The Broadway Street House

I loved this house. It had such personality, class and wisdom. Granted I was in 1st grade when we moved in and it did sit probably less than ¼ of a mile from a busy train track, but to me it was magical.

309 Broadway Street House

When you walk in there was a glorious staircase that made a C shape, four steps to your left, up ten more, turn right and up eight to the second floor. It was perfect for gentleman callers to arrive and then see you gracefully come down to great them, if you were not ten. All made of dark wood and fabulous banister, spindle and corner post assembly. I am pretty sure the entire upper floor was wood floors.

To your right was the parlor with pocket doors on both sides and giant magnolia flowers on the wallpaper. Above the double entry doors was an intricate pattern made of wood. Rumor had it that various people over time had been laid out in the room for visitation upon their passing. To me, it was the room with the TV, black and white of course. However, the TV was positioned in such a way, that if you were very, very quiet, you could creep down the stairs and sit and watch Emergency! when you were supposed to be in bed asleep.

Donald and I in the parlor with the awesome wallpaper and high baseboards

Walking through the parlor would put you in the living room, with a non-working fireplace (at one time it worked, now not so much) and a giant picture window, the top with leaded glass and looking out to the back yard and the train tracks. When a train went by, the glass would rattle in its frame.

To the left of this room was the dining room, undescriptive to me except for being the place where birthday parties and family dinners were held. Many a fancy cake (my mom REALLY got into cake decorating at this point in my life) were had here.

The kitchen was noticeable for it’s being boring. It was a basic kitchen with a half bath off of it and an access to a small porch that led to outside. The only real memory I have of this kitchen was my father crushing grapes to make wine and my brother “helping”. They were mushing them by hand for quite a bit when a “bug” landed on my brother’s wrist and he freaked out. Waving his red grape covered hands with great force toward the ceiling to remove said bug. Spoiler: was grape skin and the marks on the ceiling stayed until we moved out.

Wine making was not for the faint of heart

Upstairs the majestic staircase ended on a hall but with a landing to the right. This was our toy room. I want to say there was a large window there and my adult self would have coveted it as an office. Master bedroom was to the left with a giant bay window that looked out on the road and to the right the magnolia tree. Down the hall to the left was my bedroom.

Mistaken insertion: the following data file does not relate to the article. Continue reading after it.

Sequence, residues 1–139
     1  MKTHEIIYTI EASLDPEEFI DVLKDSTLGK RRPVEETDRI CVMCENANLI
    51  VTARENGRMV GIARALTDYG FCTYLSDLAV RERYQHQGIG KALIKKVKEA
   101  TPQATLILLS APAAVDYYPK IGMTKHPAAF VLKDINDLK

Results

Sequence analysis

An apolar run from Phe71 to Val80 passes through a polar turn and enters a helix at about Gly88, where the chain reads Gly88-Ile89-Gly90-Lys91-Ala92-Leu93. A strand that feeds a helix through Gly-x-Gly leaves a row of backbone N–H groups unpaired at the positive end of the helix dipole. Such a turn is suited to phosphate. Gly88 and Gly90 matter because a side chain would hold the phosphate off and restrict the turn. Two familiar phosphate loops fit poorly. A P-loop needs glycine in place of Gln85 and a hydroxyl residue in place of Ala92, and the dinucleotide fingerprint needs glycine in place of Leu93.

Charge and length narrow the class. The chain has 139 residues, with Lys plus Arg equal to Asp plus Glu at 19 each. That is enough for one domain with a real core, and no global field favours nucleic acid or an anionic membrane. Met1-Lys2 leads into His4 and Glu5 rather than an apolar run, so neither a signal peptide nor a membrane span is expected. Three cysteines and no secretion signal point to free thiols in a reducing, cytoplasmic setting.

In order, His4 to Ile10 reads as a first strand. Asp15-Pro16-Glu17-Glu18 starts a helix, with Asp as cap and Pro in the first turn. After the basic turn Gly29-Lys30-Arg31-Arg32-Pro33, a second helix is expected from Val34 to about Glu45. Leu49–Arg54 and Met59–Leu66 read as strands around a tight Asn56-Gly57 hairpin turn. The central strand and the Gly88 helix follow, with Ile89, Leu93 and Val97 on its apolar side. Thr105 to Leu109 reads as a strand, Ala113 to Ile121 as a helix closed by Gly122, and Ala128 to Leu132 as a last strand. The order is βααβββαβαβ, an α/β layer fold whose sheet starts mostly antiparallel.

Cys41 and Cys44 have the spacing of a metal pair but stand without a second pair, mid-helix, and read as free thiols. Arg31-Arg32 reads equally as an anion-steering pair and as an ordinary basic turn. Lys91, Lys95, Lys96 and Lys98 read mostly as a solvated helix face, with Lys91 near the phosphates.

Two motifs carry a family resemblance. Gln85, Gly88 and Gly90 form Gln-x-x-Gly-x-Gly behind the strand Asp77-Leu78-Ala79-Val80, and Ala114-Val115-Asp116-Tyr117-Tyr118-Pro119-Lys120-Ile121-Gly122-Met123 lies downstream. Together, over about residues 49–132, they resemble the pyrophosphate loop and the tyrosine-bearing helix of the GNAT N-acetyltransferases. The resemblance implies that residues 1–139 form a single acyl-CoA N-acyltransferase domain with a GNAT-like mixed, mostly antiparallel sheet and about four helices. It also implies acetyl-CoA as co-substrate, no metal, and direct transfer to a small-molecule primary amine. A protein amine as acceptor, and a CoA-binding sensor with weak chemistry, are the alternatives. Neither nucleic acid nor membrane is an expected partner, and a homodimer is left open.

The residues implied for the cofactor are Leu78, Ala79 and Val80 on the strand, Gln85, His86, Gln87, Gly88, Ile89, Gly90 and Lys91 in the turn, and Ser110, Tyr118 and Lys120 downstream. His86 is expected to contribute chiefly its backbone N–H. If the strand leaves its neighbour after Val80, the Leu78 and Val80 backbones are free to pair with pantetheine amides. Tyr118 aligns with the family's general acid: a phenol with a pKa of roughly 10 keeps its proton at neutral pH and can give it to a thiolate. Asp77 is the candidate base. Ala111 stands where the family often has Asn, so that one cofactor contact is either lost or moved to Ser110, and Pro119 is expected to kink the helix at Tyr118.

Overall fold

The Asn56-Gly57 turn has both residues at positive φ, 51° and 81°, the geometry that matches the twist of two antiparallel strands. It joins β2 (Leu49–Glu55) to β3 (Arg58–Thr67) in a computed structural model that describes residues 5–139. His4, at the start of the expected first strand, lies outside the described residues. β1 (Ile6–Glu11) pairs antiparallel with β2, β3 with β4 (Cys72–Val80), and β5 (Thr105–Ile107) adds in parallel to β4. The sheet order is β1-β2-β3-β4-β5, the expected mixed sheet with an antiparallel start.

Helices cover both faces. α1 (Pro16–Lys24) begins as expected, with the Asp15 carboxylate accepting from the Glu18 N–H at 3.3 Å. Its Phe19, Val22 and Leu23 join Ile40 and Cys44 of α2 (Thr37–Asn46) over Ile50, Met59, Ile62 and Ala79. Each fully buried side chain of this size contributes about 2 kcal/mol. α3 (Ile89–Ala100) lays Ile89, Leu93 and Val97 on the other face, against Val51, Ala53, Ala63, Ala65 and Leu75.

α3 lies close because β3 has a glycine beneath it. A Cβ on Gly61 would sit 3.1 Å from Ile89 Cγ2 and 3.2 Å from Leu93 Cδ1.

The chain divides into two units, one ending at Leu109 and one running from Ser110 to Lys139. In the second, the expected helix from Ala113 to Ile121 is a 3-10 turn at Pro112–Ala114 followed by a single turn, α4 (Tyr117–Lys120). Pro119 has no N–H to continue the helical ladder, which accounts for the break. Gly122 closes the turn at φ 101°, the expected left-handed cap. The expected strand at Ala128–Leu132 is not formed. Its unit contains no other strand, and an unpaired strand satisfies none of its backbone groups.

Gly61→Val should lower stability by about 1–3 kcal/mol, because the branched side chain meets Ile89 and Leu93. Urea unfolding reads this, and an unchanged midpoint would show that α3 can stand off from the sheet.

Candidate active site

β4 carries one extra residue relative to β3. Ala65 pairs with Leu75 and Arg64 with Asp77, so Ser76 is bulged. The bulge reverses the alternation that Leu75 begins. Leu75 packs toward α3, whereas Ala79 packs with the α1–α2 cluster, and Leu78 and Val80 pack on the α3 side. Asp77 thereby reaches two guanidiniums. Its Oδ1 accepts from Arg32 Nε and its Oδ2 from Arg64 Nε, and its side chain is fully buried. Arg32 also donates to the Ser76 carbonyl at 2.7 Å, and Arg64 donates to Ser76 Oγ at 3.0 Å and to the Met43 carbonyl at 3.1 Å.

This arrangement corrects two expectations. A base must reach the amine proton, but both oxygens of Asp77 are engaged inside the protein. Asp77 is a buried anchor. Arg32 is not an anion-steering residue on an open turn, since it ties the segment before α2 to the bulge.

My bedroom also looked right out on to the giant magnolia tree. I remember two things very clearly about this room. I had a small AM radio that I would listen to at night, especially on Christmas Eve when I would listen to see where Santa was in his travels. I would run out many a 9-volt battery but I never remember my mother complaining, just quietly replacing it from time to time. The other memory is Charlotte’s Web. I had been devouring the book (as honestly I still do) and my mom told me, do not read any more tonight, wait until tomorrow to finish. Yeahokwhatever. I crawled into bed, read and read and finished it and went back downstairs sniffing back tears. And bless her heart, she never said I told you so, just help me as I sobbed out how the book ended and how it broke my heart.

My brother’s room was across the hall from mine. He was giddy as he could be as he was 6ish and loved trains. He also, as many kids do, had a problem with the T sound. So they were frequently Frains on Fracks. Thank goodness he was not fond of trucks.

Down the hall was a smaller, guest room.

And at the end of the hall was the bathroom, complete with claw foot tub. (if one wished to shower you could go to the basement; needless to say I never wished to shower). To the left of the bathroom was a staircase to the kitchen. As I child, I was convinced that this was some secret staircase (Nancy Drew anyone?); grown up me puts it together with the small bedroom and less than flashy kitchen and realizes it might have been servants’ quarters. Work adult me wants to find city directories and plat maps and see who lived there and how old it was.

Outside there was a garage, tire sandbox, tire swing and a warp around screened porch. There were houses nearby and actual neighbors.

An aside; this was my last house of my youth that had sidewalks and neighbors. With the value of hindsight, I think that is one of the reason the river house was so hard.

A popular craft idea at this time as to put masking tape on a used glass jar (mayonnaise, etc.) in very tiny overlapping pieces, then coat the whole thing with brown liquid shoe polish (I see I have just lost some of you), let it dry and it makes a lovely vase. I was going to make on for a neighbor, and she was elderly and did not get out much. But I was ten and I kept putting it off. One day, my mom told me I didn’t need to make X the vase as she had died. I felt so, so bad. I, to this day, feel bad. And I really do not procrastinate for very long on anything these days.

309 Broadway Street today

As you guessed, we moved from this house to the River House. It was then torn down, made into a giant steel shed (ok building but I am being dramatic) that was a BBQ joint and now a plumbing shop. That house was magical, and not just because I was able to watch Emergency! at age ten.

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